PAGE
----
AUGUSTA — Gov. Paul LePage’s proposals to expand school choice in Maine were dealt a blow Thursday by a legislative committee.

The Education and Cultural Affairs Committee asked the Department of Education to come back to the next Legislature with more information about creating an open enrollment system.

Committee members said the bill came up too late in the session to get thorough consideration.

The committee also voted 10-3 against a bill to allow religious schools to receive public tuition dollars. The bill will go to the Legislature with a recommendation of “ought not to pass.”

Sen. Garrett Mason, R-Lisbon Falls; Rep. Peter Johnson, R-Greenville; and Rep. Michael McClellan, R-Raymond, voted in favor of the bill on religious schools, LD 1866.

“I see this as an element of choice that should be open to anyone that wants to do it, as long as they go to a school that maintains the same standards that we apply to other public schools,” Johnson said.

Religious schools have been barred from receiving public funding since 1981. Under LD 1866, communities would pay tuition, up to a state-defined maximum, for their students who attend participating religious schools.

The Department of Education provided a list of 21 religious schools that meet the same standards as nonsectarian private schools that are approved to receive public tuition dollars.

The 21 schools are all Christian, and most are Catholic.

“The irony of this is, as I look at the schools that could take advantage of this, my guess is that most of them won’t want a piece of it, just because it’s going to actually make them dumb themselves down to some degree,” McClellan said.

Opponents of the bill raised several objections in the public hearing, including money for public schools being siphoned away, and commingling church and state.

Education Commissioner Stephen Bowen presented a letter from Maine Attorney General William Schneider asserting that L.D. 1866 is similar to a voucher program in Cleveland that was upheld by the U.S. Supreme Court.

In addition to Ohio, Colorado and Florida have voucher programs that allow parents to choose religious schools, according to information provided by the Maine Department of Education.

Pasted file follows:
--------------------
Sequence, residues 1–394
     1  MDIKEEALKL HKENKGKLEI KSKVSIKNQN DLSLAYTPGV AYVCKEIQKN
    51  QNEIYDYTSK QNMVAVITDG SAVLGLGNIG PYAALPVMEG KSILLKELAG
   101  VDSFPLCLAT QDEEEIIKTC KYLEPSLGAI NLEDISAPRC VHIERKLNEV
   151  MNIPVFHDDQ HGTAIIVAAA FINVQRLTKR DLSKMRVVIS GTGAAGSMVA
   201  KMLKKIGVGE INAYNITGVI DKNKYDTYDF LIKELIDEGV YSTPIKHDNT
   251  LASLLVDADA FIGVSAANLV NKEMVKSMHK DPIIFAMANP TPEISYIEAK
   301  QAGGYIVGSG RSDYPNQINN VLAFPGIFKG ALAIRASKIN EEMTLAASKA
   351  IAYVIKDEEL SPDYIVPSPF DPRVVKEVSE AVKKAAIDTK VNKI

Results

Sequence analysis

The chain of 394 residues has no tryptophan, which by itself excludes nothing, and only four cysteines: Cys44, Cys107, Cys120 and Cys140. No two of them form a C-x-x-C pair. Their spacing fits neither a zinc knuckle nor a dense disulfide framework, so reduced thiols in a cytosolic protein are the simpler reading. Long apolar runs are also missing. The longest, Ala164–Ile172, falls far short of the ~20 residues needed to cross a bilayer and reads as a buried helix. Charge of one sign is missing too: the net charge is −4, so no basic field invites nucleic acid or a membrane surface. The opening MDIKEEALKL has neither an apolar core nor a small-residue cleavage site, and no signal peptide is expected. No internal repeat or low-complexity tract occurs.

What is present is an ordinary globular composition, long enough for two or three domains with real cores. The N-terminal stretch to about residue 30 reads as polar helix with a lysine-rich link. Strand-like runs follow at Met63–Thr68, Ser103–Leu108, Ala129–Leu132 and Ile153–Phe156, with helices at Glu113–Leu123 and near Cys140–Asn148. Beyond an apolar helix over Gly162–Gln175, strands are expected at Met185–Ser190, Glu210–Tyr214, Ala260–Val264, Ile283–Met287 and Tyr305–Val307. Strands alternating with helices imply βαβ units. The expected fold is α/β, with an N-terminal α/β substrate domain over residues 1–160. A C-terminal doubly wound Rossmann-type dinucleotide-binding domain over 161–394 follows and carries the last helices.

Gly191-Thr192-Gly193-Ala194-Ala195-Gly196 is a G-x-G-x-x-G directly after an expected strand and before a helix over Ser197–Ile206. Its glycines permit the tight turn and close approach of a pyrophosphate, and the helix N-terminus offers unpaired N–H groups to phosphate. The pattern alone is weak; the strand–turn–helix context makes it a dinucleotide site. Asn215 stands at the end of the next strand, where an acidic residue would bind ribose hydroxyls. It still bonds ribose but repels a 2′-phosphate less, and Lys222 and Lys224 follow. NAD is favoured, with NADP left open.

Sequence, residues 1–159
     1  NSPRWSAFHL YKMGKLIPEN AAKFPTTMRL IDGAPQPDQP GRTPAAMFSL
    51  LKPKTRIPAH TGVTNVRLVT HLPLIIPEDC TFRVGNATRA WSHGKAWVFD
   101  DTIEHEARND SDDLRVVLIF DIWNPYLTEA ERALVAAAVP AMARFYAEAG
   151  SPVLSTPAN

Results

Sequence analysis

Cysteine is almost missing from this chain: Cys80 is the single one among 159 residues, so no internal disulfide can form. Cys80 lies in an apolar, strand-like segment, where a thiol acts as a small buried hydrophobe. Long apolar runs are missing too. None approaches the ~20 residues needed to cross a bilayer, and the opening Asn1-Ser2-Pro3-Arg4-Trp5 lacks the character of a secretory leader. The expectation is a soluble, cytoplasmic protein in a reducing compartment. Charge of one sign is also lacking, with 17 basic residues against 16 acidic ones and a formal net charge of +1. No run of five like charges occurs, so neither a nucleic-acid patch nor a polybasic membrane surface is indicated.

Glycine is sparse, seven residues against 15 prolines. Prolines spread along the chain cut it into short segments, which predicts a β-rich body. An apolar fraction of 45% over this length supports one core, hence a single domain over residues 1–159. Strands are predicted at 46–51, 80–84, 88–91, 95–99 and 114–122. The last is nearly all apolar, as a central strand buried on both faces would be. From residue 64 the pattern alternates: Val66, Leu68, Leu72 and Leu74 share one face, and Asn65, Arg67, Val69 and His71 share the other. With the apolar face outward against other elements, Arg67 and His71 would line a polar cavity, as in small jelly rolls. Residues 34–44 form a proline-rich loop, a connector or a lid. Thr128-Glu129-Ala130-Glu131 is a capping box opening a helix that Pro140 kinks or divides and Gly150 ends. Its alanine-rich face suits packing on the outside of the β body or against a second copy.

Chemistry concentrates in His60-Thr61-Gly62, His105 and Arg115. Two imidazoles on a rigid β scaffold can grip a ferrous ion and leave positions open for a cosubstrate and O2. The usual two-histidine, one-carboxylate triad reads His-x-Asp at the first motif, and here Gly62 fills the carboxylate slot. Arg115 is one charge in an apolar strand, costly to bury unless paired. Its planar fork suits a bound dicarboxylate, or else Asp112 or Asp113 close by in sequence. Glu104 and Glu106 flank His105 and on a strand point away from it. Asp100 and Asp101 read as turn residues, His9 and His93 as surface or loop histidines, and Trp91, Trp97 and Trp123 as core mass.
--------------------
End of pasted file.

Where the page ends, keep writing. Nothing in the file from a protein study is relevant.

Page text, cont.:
McClellan said he received hundreds of emails for and against the four education reform bills the committee considered this week, and most of the opponents to LD 1866 worry about diverting funds from public schools.

“The comments I’ve gotten haven’t been about the religious piece of it,” he said.

“It’s been about the pie, and this is going to dilute the pie, which is a fair argument. I really expected there to be a religious firestorm, and I just haven’t seen that develop at all.”

The potential for schools to lose students, and thus state aid, was also a concern in the committee’s discussions of LD 1854, which would allow school districts and private schools to create open enrollment programs and draw students from elsewhere, with state funding.

“In theory, I believe in choice,” said Rep. Joyce Maker, R-Calais.

“But, in reality, in Washington County, it would kill the public schools. We’re not getting enough funds.”

The committee voted unanimously to direct the Department of Education to create a group that will draw up new legislation, potentially including a pilot program.

The group — including teachers, administrators and parents — will consider specific concerns raised by committee members, including the possibility that open enrollment would not serve the needs of special-education students or students from low-income families.

Kennebec Journal Staff Writer Susan McMillan can be contacted at 621-5645 or at:

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